There has been much media buzz about Apple's supply-chain partner in China, Foxconn, mistreating its workers in ways that appall us. I contend that we are not seeing the whole picture.
Those workers, bad as their condition was, competed to get employed at a Foxconn factory. Their condition must be better off than the condition of their peers in the rest of China.
Let's step back for a moment and ponder some basic questions -- What do humans need? In what order? Who decides? I would prioritize human needs roughly like this:
First-aid (including Oxygen), Food, Water, ... Companionship ... Right to vote ... Literacy ... Free speech ... Free software ... Universal healthcare ... right to personal property .
The ellipses represent gaps in my thinking, where many other things could go. I haven't put things like Love, or Freedom on the list, because they are too intangible.
Different people, and different cultures, would state their priorities differently.
We must give Cultural Relativism its due.
The Chinese government censors what its citizens see, hear, say, read, or write. The Chinese people have given that power over to their government.
The Chinese communist party, as an organization, has lifted more people out of poverty than any other organization in history. They are doing triage on the poor, uneducated masses.
They have just deferred some rights until the right moment. Once, people in China couldn't own personal property. That right was granted at the appropriate state of progress.
Something in my Western-educated mind rebels against this way of thinking.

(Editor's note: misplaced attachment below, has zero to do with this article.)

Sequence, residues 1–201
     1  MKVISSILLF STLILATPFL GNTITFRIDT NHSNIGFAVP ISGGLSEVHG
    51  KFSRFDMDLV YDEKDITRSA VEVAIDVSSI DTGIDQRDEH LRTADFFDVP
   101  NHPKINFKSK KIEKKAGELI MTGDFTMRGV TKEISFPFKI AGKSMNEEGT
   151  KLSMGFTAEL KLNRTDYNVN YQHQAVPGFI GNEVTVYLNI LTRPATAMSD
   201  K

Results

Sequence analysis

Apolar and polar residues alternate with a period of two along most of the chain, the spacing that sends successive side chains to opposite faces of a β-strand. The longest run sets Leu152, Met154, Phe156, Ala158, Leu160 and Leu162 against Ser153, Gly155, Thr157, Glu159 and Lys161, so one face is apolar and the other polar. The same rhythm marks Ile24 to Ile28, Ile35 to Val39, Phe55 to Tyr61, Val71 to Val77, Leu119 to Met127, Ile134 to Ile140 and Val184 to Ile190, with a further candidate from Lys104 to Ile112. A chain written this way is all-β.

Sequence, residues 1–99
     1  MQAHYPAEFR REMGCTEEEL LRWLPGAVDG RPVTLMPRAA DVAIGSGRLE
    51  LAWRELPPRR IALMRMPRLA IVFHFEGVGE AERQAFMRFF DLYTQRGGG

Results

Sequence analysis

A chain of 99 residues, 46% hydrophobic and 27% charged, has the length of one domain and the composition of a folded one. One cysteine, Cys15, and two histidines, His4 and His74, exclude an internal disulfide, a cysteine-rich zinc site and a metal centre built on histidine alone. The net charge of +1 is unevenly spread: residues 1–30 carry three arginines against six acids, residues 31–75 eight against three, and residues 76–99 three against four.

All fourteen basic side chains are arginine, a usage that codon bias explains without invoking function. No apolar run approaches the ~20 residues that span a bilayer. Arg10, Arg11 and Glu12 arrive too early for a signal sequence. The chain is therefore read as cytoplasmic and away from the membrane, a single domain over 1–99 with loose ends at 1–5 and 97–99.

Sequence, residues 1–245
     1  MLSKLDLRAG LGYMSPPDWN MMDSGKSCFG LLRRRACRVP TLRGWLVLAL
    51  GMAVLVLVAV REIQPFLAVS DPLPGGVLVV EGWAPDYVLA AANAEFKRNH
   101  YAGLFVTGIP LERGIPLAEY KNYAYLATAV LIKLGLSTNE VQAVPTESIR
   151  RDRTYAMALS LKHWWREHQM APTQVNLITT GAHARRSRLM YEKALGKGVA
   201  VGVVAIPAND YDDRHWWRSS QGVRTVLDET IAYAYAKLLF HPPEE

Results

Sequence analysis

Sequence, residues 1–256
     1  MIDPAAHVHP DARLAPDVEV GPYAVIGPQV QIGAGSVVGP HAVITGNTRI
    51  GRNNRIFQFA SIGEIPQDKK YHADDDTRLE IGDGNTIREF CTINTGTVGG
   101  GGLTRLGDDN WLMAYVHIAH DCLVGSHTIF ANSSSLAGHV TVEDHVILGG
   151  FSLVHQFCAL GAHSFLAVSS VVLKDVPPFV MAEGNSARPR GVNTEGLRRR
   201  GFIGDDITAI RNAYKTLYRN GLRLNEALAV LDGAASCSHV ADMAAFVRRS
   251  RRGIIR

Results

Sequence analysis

"Love, Freedom, must come first!"
"I would rather die than live a slave!"
"Why would I give over my rights to an unelected government of mostly old men?"
"They who can give up essential liberty to obtain a little temporary safety, deserve neither liberty nor safety."
Those sentiments have their place. One must take a slightly more mellow and pragmatic perspective. We could learn something from China. They are the Freakin' Deathstar -- able to co-ordinate the efforts and energies of over a billion people. Their anti-poverty strategy is alien to us, but effective. We must understand and respect that.
Life in developing countries is hard, but getting better.
That should come as no surprise. What should also be un-surprising, is the story from Foxconn.
Improving the lot of a billion people is a slow process. There are bound to be transitional states.
Still, improving the lot of the poor by making them partners in commerce, is preferable to giving handouts.
In the meanwhile, I would pay $65 more for a sleek new "Made in USA" edition iPhone with an elegant Red-White-and-Blue shell, loaded with an Americana media anthology, customized for American tastes. Would you?
If not, then don't worry too much about where the products and services you buy, come from.
We want the East to suddenly be the West, but it takes time.